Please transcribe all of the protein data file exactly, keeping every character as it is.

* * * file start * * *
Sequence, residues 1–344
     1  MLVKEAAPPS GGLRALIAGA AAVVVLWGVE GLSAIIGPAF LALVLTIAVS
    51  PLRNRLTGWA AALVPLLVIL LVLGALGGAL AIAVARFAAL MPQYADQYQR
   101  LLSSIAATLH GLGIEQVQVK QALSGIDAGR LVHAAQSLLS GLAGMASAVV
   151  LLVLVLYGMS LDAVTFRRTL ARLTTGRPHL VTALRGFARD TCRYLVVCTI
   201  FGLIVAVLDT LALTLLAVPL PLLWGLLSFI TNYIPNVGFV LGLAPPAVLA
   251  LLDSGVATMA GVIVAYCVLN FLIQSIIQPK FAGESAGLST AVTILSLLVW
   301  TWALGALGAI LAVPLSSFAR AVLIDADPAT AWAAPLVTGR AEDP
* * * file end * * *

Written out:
Sequence, residues 1–344
     1  MLVKEAAPPS GGLRALIAGA AAVVVLWGVE GLSAIIGPAF LALVLTIAVS
    51  PLRNRLTGWA AALVPLLVIL LVLGALGGAL AIAVARFAAL MPQYADQYQR
   101  LLSSIAATLH GLGIEQVQVK QALSGIDAGR LVHAAQSLLS GLAGMASAVV
   151  LLVLVLYGMS LDAVTFRRTL ARLTTGRPHL VTALRGFARD TCRYLVVCTI
   201  FGLIVAVLDT LALTLLAVPL PLLWGLLSFI TNYIPNVGFV LGLAPPAVLA
   251  LLDSGVATMA GVIVAYCVLN FLIQSIIQPK FAGESAGLST AVTILSLLVW
   301  TWALGALGAI LAVPLSSFAR AVLIDADPAT AWAAPLVTGR AEDP